Nasa’s newest Mars rover hit the dusty red road this week, putting 21 feet on the odometer in its first test drive.
The Perseverance rover ventured from its landing position on Thursday, two weeks after setting down on the red planet to seek signs of past life.
The roundabout, back and forth drive lasted 33 minutes and went so well that more driving was scheduled for Friday and Saturday for the the six-wheeled rover.
“This is really the start of our journey here,” said Rich Rieber, the Nasa engineer who plotted the route. “This is going to be like the Odyssey, adventures along the way, hopefully no Cyclops, and I’m sure there will be stories aplenty written about it.”
In its first drive, Perseverance went forward 13 feet, took a 150-degree left turn, then backed up eight feet. During a news conference on Friday, Nasa’s Jet Propulsion Laboratory (JPL) in Pasadena, California, shared photos of its tracks over and around small rocks.
“I don’t think I’ve ever been happier to see wheel tracks and I’ve seen a lot of them,” said engineer Anais Zarifian.
Flight controllers are still checking all of Perseverance’s systems. So far, everything is looking good. The rover’s seven-foot robot arm, for instance, flexed its muscles for the first time on Tuesday.
Before the car-size rover can head for an ancient river delta to collect rocks for eventual return to Earth, it must drop its so-called protective “belly pan” and release an experimental helicopter named Ingenuity.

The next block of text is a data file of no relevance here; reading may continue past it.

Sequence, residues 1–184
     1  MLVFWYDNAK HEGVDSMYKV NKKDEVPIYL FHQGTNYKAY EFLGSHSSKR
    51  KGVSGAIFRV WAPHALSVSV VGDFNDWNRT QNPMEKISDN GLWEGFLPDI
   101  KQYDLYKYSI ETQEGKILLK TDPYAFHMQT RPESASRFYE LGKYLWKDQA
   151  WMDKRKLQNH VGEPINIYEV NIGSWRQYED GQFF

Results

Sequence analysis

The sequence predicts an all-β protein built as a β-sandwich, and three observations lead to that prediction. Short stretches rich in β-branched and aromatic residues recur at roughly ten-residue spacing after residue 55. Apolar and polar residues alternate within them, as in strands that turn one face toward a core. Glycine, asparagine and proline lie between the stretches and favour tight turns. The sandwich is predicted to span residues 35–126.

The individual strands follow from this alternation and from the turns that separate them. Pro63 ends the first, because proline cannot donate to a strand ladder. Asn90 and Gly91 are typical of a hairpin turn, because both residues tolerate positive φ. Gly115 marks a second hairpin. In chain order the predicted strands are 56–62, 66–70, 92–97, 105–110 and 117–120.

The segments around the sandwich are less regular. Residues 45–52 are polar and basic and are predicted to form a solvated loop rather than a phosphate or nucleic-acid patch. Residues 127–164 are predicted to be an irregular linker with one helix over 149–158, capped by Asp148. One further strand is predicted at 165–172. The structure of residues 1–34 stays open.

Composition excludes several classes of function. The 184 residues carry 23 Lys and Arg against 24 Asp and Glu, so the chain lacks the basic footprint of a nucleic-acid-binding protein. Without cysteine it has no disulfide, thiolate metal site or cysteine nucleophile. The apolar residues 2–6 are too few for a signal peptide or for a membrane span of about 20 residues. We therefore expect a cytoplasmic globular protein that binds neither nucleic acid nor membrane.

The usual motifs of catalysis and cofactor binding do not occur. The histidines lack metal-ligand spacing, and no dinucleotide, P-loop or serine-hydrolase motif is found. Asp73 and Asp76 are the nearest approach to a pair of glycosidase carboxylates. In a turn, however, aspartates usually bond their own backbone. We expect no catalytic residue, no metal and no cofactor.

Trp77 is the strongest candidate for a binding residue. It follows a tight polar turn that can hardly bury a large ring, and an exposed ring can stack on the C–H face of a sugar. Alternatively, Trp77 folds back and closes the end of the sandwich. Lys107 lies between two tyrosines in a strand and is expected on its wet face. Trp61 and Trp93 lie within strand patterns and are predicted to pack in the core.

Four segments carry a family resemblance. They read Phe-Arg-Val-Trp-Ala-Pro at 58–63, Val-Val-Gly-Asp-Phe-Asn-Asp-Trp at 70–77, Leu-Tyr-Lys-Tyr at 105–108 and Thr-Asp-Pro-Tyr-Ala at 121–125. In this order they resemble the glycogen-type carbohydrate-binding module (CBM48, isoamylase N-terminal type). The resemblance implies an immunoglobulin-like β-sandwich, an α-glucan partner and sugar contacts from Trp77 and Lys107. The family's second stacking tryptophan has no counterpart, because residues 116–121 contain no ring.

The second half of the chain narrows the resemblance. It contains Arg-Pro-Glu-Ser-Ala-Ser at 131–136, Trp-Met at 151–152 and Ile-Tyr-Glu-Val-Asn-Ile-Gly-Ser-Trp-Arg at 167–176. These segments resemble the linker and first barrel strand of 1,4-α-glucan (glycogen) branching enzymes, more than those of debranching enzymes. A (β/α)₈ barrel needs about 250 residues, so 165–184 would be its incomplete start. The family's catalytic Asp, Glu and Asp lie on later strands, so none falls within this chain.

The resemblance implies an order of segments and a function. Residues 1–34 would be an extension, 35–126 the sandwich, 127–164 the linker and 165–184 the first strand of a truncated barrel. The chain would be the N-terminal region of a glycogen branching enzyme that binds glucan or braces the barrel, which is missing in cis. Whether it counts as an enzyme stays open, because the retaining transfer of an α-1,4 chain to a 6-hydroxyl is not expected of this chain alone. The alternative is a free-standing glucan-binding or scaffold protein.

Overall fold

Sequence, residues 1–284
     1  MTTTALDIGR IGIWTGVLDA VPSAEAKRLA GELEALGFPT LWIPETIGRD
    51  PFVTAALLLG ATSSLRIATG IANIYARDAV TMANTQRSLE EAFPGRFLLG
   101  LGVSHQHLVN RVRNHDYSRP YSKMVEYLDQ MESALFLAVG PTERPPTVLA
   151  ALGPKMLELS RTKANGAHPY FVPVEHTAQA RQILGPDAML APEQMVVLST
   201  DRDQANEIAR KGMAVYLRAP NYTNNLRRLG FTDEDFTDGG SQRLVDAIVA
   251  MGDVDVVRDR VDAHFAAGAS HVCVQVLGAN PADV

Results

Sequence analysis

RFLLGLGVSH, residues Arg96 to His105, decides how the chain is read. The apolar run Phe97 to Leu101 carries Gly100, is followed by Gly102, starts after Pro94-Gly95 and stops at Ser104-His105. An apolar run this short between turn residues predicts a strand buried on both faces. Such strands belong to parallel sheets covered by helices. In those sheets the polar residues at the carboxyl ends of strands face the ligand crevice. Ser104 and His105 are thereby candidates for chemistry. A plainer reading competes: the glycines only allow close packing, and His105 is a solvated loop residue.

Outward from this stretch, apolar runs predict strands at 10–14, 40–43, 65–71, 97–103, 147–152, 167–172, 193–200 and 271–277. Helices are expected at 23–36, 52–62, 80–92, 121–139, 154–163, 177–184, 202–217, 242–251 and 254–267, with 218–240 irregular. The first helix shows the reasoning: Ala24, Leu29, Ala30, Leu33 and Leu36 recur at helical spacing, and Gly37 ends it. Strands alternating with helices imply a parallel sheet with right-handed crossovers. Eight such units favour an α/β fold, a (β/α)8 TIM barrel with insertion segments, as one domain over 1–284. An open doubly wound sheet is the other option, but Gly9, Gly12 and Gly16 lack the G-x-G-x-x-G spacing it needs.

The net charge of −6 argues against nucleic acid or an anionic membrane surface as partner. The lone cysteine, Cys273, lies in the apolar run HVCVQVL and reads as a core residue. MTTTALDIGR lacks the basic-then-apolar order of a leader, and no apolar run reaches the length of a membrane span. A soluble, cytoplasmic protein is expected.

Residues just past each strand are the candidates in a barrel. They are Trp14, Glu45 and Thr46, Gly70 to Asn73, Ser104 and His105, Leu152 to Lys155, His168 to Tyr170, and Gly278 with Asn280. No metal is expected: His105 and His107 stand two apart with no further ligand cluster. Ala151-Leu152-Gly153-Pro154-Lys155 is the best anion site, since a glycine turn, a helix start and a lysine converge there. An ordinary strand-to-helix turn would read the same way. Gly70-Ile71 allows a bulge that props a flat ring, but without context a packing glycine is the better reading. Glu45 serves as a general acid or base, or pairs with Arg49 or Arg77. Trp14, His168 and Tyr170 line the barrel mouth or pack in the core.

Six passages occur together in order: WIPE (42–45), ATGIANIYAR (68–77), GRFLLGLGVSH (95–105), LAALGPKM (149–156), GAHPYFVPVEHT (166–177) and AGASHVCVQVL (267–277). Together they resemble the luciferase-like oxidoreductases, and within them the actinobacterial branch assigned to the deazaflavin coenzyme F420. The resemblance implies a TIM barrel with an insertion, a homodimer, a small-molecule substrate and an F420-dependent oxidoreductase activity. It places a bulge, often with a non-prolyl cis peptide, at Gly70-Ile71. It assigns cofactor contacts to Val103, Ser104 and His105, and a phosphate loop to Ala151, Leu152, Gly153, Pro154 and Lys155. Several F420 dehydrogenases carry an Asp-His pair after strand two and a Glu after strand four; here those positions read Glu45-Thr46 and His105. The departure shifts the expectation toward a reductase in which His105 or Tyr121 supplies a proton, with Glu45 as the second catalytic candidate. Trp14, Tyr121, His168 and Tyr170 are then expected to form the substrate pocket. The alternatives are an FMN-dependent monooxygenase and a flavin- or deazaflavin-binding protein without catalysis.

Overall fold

As it turns out, Perseverance landed right on the edge of a potential helicopter landing strip — a suitable flat spot, according to Rieber.
Nasa plans to drive out of this landing strip, ditch the pan, then return for Ingenuity’s highly anticipated test flight. All this should be accomplished by late spring.
Scientists are debating whether to take the smoother route to reach the nearby delta or a possibly tougher way with intriguing remnants from that once-watery time three billion to four billion years ago.
Perseverance — Nasa’s biggest and most elaborate rover yet — became the ninth US spacecraft to successfully land on Mars on February 18.
China hopes to land its smaller rover — currently orbiting the red planet — in another few months.
Nasa scientists, meanwhile, announced on Friday they had named Perseverance’s touchdown site in honour of the late science fiction writer Octavia E Butler, who grew up next door to the JPL in Pasadena.
She was one of the first African Americans to receive mainstream attention for science fiction. Her works included Bloodchild and Other Stories and Parable of the Sower.